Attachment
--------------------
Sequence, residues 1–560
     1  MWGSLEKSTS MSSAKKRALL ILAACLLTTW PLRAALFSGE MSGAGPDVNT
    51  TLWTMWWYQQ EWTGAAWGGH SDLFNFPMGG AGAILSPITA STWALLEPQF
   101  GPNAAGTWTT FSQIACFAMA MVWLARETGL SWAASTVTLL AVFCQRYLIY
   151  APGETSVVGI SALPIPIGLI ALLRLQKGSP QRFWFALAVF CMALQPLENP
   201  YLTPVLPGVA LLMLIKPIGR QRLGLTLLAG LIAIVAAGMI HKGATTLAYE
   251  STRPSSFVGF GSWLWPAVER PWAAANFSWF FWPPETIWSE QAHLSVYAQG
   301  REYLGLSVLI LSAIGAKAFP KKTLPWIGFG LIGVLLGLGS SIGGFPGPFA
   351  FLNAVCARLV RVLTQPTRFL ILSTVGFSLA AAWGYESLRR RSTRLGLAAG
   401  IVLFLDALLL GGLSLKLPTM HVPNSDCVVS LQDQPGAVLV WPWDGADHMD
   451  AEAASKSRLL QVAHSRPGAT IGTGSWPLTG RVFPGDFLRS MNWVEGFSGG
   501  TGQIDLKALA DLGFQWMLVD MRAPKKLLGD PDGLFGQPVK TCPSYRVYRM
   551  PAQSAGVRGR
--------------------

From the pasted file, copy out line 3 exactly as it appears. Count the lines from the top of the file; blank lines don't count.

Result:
    51  TLWTMWWYQQ EWTGAAWGGH SDLFNFPMGG AGAILSPITA STWALLEPQF